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Omicron scare: Domestic flyers drop 39% in 2 weeks; IndiGo to cut 20% capacity – Times of India

NEW DELHI: With demand for travel taking a severe hit due to sharp surge in Omicron cases, India’s biggest airline by passenger carriage — IndiGo — has decided to cut its capacity by 20%. Like other airlines, it has waived change fees as scores of people are altering their travel plans.
“With the reduced demand, we will also be selectively withdrawing some of our flights from service. We anticipate that around 20% of our current scheduled operations will be withdrawn from service,” IndiGo said in a statement.
At nearly 3.9 lakh, India saw its highest post-Covid daily domestic flyer number on December 26, 2021. By Saturday (Jan 8), aviation ministry data showed this figure had fallen to 2.4 lakh — a steep 39%. On an average, about 4.2 lakh people used to fly within the country in pre-Covid times when peak winter travel season used to last till mid-January.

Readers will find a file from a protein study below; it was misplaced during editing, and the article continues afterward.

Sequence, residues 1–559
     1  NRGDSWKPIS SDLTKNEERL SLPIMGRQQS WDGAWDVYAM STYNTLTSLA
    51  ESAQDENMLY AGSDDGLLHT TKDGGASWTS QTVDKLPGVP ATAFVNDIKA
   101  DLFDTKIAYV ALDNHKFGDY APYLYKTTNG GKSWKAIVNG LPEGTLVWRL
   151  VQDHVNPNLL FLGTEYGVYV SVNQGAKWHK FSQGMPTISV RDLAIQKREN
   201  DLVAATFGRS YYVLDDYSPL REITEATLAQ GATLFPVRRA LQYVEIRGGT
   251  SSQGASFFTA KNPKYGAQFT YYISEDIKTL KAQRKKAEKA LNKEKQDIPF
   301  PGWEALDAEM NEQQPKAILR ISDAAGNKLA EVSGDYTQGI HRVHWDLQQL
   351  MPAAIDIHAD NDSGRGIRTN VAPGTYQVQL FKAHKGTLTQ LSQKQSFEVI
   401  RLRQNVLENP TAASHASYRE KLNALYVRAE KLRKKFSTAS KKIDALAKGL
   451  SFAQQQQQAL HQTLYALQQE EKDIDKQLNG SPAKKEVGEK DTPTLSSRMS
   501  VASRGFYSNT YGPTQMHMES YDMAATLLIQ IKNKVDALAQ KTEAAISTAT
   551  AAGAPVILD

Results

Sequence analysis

“Where possible, cancellations of flights will be done at least 72 hours in advance and customers will be moved to the next available flight and will also be able to change their travel through the use of Plan B on our website. Since our call centre is currently handling a large volume of calls, we are encouraging our customers to use our digital channels where possible,” it added.
Like almost all other airlines, IndiGo said it has waived change fees. “Owing to increasing number of Omicron infections, large numbers of IndiGo customers are changing their travel plans. In response to customer needs, IndiGo is waiving change fees and is offering free changes for all new and existing bookings made up to January 31, for flights up to March 31, 2022,” it added.
The surge in Omicron cases has eclipsed the brief sunshine period Indian travel industry was seeing in the past few months.
The fear of getting infected, stricter testing and quarantine norms by states has led to a drop in numbers and increased cancellations.
Bengal has limited domestic flights from Delhi and Mumbai. The worst hit is metro-to-metro traffic due to the combined decline in business, leisure and visiting friends and relatives (VFR) trips.